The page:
At any rate, attempt to cold smoke no. 1 was kind of a failure. I think I need a more powerful ignition source. My crummy lighter wasn't enough to keep a constant supply of smoke. I will pick up a butane lighter tomorrow and give that a shot.



    Look in the BBQ forums out somewhere on the world wide intertube for the coffee can soldering iron cold smoker. I think Jerry, Fry, or someone here also has experience with it.



    http://homebrewforums.net/discussion/115#Item_7
    "Oh, you were serious? I was drunk."-C_B
  • jeepinjeepinjeepinjeepin
    Posts: 16,484
    Ok @Evan_B, it was @FromZwolle
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  • ceanntceannt
    Posts: 47,225

    Ok @Evan_B, it was @FromZwolle



    Thanks jeep ... I couldn't remember
    In wine there is wisdom.
    In beer there is freedom.
    In water there is bacteria.
  • Evan_BEvan_B
    Posts: 312

    Evan_B said:

    I found some smaller, adjustable window screens lying around that I clean up and they hold about two pounds of grains, and also fit the re-purposed BBQ perfectly!


    At any rate, attempt to cold smoke no. 1 was kind of a failure. I think I need a more powerful ignition source. My crummy lighter wasn't enough to keep a constant supply of smoke. I will pick up a butane lighter tomorrow and give that a shot.



    Look in the BBQ forums out somewhere on the world wide intertube for the coffee can soldering iron cold smoker. I think Jerry, Fry, or someone here also has experience with it.



    http://homebrewforums.net/discussion/115#Item_7


    YESSSSSSSSSSSSSS!!!!!

    Will start looking for a woodburner at Michael's after work. Thank you!
    Amigo, lay them raises down.
  • ThymThym
    Posts: 100,768
    I think I posted my fuzzy inspired build thread on here as well. Worked well for small stuff.
    The only thing between me and a train wreck is blind luck..... - Kenny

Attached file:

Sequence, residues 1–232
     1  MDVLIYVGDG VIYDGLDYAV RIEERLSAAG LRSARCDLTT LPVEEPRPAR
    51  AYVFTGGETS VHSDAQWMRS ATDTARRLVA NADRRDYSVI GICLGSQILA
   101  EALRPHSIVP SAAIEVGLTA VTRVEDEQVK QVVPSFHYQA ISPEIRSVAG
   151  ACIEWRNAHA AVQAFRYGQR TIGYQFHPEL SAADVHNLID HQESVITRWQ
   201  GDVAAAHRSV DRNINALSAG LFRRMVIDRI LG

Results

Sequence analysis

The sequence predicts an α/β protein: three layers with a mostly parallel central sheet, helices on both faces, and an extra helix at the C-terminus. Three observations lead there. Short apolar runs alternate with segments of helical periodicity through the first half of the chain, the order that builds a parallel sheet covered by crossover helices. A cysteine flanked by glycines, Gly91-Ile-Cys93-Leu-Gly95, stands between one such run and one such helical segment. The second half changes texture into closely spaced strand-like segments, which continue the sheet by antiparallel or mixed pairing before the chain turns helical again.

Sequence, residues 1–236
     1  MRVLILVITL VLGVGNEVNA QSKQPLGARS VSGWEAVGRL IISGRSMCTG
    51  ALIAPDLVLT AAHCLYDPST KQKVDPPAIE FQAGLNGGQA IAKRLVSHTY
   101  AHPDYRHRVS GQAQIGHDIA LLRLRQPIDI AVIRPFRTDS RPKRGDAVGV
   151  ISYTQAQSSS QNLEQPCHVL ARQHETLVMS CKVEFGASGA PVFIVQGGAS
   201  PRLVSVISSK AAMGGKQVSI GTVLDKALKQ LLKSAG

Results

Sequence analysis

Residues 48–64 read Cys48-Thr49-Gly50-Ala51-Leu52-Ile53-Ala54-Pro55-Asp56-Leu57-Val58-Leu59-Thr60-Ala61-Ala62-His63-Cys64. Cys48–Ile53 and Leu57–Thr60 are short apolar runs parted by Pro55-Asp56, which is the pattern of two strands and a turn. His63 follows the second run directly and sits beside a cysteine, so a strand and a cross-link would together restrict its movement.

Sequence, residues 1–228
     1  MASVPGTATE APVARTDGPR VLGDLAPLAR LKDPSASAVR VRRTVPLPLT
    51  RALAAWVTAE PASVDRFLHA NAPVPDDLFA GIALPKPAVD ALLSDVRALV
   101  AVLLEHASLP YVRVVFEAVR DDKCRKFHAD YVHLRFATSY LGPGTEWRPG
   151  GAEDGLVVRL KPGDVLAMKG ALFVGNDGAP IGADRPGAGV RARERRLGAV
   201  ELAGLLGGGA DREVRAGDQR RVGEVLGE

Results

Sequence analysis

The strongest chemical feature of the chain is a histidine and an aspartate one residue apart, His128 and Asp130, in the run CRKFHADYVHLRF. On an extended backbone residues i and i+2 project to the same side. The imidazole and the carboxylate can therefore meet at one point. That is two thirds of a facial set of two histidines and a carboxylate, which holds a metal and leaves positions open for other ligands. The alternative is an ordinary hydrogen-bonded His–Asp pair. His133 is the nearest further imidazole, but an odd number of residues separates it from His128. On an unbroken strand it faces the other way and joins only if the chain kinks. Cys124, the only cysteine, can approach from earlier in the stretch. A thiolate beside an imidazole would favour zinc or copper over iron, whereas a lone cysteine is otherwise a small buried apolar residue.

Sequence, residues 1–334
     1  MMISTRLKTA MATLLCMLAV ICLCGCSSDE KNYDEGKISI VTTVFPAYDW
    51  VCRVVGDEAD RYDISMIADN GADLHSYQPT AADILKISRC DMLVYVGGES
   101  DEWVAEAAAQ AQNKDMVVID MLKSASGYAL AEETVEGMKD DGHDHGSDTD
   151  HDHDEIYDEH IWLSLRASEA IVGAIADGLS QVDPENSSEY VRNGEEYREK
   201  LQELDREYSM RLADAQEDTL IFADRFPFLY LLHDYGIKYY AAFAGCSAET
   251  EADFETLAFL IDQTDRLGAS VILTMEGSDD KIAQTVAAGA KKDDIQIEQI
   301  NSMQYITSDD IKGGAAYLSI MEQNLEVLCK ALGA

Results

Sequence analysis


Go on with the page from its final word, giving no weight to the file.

• jeepinjeepinjeepinjeepin
    Posts: 16,484
    I've been close to trying this iron in a can method for cold smoking cheese(note to self: make another batch of cheese). And then a friend gave me a round electric conversion element that almost fits in my 22.5" weber. I think it's made for a brinkmann. Eventually I'll make a riser or rewire the plug so that it fits and I can cold smoke with chips in a box.
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  • JerryJerry
    Posts: 72,164
    I made a little think that didn't work back then, did I post pics? I hope not, it didn't work.
  • N_ClarkN_Clark
    Posts: 956
    Since I'm still doing extract brews and just adding grain via partial mash, I thought I'd try smoking up just a pound or two over hickory since I'll be smoking bacon next weekend. Wanted a lighter style than a porter though...wondering about a style where smoke notes would work perhaps with another element? I love these beers aged in whiskey or bourbon barrels but i don't have access to that. What about a black tea? I like lapsang souchon which is a really smoky black tea.
  • ThymThym
    Posts: 100,768
    N_Clark said:

    Since I'm still doing extract brews and just adding grain via partial mash, I thought I'd try smoking up just a pound or two over hickory since I'll be smoking bacon next weekend. Wanted a lighter style than a porter though...wondering about a style where smoke notes would work perhaps with another element? I love these beers aged in whiskey or bourbon barrels but i don't have access to that. What about a black tea? I like lapsang souchon which is a really smoky black tea.



    stay away from anything with any real hops notes to it. the hop flavor and aroma does not meld well with smoky/peaty. you could probably use an alt style base or something kinda malty and boozy without much roasted malt or chocolate in it...
    The only thing between me and a train wreck is blind luck..... - Kenny
  • ceanntceannt
    Posts: 47,225
    A Red Ale lends itself very well .... go light on the hops .... hickory smoke does magic things in them
    In wine there is wisdom.
    In beer there is freedom.
    In water there is bacteria.